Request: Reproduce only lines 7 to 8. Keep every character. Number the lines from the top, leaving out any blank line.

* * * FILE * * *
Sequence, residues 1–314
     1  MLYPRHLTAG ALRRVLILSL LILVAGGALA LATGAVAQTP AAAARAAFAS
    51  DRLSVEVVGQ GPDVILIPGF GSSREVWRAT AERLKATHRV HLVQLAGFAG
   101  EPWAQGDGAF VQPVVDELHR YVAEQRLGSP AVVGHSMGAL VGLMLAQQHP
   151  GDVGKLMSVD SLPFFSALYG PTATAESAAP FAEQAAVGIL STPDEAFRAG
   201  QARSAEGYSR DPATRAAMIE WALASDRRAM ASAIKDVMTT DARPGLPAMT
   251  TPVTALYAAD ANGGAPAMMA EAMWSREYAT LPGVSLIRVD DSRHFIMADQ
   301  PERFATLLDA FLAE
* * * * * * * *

   251  TPVTALYAAD ANGGAPAMMA EAMWSREYAT LPGVSLIRVD DSRHFIMADQ
   301  PERFATLLDA FLAE